Dr Alumita Durutolu, a lecturer at the USP talks about dialogue as the way to go in Fiji. This is part of an article by Verenaisi Raicola in the Fiji Times Friday April 13th. Some good insights and advice here. Vinaka Dr Durutolu!
He (Dr Brij Lal) and USP academic Dr Alumita Durutalo believe there is a need for space and time for dialogue as well as reflection.
"Perhaps, it is now time for dialogue and consensus. All parties should come together and discuss common ground for nominating somebody as Vice President," said Dr Durutalo. She said the GCC, as the foremost institution of Fijian society, should initiate and facilitate talks with discontented or aggrieved members of Fijian society to understand the thinking and actions of their people in the trying times we face.
Dr Durutalo said nominating a chief to assume the role of President or Vice President in Fiji was clear under sections 9092 in Fiji's 1997 Constitution.
However, the process of nominating chiefs to these positions is quite complex as it involves consensus and a flair for the "chiefly way of politicking".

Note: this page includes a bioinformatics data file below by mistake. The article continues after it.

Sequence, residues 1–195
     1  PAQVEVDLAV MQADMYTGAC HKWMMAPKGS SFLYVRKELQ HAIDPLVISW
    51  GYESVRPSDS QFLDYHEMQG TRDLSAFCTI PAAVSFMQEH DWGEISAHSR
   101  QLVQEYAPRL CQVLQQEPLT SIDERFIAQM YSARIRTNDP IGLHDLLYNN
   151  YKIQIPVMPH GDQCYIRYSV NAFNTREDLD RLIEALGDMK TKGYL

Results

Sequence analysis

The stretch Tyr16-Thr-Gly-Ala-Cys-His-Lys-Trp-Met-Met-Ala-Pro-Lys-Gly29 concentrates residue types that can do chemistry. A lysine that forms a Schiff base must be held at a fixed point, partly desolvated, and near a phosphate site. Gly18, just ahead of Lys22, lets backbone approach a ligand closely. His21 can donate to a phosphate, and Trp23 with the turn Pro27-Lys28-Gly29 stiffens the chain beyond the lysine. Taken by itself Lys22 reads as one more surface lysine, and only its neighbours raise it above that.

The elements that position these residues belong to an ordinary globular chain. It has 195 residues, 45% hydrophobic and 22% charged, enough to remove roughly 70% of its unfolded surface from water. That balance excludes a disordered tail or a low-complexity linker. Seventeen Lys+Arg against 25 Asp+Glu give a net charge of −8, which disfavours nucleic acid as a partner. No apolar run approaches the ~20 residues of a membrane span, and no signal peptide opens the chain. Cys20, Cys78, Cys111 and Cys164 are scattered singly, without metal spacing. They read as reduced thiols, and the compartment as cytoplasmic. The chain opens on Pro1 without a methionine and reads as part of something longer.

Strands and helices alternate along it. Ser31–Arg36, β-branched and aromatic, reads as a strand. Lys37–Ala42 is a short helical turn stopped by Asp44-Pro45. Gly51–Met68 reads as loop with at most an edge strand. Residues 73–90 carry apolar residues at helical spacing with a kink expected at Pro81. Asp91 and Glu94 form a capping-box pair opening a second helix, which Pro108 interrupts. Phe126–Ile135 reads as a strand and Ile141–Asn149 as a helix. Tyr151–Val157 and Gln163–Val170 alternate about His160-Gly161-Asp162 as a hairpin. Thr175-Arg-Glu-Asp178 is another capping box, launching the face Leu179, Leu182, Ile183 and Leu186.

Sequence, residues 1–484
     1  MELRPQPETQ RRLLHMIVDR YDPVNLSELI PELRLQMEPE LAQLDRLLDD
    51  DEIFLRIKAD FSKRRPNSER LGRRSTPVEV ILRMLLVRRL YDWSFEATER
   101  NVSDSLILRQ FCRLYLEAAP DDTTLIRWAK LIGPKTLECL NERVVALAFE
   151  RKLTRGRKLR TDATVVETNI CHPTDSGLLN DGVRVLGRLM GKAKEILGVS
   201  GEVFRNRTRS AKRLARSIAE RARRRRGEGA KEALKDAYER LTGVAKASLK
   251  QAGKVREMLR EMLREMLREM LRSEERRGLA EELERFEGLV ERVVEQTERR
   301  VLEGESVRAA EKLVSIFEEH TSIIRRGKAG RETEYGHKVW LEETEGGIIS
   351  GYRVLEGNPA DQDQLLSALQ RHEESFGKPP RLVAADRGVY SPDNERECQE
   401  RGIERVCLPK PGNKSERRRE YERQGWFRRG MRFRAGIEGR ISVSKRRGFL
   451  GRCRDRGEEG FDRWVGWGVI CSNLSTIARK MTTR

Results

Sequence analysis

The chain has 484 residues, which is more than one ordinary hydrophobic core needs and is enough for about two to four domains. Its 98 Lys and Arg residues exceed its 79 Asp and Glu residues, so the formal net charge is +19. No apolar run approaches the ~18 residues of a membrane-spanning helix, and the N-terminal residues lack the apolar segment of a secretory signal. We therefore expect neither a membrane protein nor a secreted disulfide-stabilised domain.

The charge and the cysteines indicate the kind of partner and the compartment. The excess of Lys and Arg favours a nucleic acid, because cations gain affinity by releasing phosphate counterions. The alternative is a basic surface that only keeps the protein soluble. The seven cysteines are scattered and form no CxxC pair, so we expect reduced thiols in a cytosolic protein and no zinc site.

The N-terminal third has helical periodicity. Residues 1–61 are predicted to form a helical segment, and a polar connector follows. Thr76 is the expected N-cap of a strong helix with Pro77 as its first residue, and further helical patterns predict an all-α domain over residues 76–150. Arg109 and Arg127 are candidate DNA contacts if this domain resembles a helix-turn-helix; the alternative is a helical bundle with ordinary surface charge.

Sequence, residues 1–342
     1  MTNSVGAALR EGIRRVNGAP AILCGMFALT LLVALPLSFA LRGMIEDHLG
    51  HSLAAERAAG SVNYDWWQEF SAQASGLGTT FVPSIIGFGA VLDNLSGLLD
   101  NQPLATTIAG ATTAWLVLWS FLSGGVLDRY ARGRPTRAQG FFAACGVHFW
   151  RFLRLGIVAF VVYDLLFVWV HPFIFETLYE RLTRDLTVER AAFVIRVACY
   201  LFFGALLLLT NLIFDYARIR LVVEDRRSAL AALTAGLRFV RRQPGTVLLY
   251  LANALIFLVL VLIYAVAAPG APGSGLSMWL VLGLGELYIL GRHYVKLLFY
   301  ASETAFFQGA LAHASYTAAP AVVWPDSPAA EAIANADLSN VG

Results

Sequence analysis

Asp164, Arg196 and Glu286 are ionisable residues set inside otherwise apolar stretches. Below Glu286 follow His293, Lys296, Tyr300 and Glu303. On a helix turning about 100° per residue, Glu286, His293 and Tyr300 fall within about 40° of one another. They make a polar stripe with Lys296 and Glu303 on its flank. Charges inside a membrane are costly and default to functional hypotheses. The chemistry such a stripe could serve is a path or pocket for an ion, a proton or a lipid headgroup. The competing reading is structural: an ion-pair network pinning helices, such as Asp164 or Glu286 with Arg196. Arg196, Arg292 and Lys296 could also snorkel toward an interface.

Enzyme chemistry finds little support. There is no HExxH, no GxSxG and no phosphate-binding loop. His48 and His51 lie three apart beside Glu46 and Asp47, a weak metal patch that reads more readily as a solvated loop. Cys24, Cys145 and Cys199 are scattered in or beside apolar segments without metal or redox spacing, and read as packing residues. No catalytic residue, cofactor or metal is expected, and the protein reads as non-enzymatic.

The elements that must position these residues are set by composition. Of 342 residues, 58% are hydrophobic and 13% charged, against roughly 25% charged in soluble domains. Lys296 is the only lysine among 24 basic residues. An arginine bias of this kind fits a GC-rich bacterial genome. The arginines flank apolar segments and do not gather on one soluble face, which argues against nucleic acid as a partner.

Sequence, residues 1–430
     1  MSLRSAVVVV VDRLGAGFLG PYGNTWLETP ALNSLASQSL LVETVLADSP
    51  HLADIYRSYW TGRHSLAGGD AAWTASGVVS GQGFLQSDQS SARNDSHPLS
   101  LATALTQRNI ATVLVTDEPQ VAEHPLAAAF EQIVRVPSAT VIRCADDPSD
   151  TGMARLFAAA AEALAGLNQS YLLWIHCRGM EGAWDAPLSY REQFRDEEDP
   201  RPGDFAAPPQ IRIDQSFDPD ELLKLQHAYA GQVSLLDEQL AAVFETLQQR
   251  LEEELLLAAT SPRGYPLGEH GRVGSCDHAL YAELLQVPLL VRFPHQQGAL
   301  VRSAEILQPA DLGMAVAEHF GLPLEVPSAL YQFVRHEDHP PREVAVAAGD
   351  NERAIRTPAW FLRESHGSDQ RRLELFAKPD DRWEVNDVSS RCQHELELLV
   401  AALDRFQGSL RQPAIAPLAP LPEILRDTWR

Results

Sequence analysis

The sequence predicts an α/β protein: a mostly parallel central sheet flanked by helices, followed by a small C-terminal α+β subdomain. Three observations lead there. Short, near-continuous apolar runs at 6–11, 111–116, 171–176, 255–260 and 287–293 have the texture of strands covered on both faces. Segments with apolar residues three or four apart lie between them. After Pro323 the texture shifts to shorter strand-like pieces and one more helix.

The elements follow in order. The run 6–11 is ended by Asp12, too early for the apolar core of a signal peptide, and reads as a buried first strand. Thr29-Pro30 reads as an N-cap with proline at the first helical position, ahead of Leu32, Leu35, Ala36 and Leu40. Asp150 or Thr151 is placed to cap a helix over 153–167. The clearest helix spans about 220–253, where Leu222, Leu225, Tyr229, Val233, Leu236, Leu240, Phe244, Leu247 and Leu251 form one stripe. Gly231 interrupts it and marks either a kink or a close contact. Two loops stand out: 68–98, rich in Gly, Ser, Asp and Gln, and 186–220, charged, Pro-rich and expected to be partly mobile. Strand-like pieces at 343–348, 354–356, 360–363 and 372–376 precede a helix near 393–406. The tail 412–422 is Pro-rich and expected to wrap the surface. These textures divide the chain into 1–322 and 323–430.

"I understand chiefs of the vanua and matanitu in the Bose Levu Vakaturaga have worked out a way to rotate the positions among the three confederacies.
"Additionally members of the chiefly council usually appoint chiefs who command the respect of the majority of its members as representatives of indigenous Fijians in the vanua throughout Fiji."
Dr Durutalo said constitutionally and, at this point in Fiji's political history, one could say that the next Vice President would depend on the endorsement of the chiefly council.
Dr Durutalo said members of the GCC could only be removed if they were no longer nominated by their respective provincial councils to be representatives to the GCC. "I understand some chiefly members are in the council because of their high rank and status as title holders of various matanitu, for example.
"So to forcibly remove these chiefly members, in Fijian protocol, one is not removing one chief but the hundreds or thousands of Fijians whom they represent," she said.
Dr Durutalo said at the level of the vanua, removing some members could only exacerbate old rivalries and further aggravate ongoing problems.
"Additionally, one in the long-term may jeopardise chances of national resource development, especially if members of the aggrieved party are important resource owners," she said.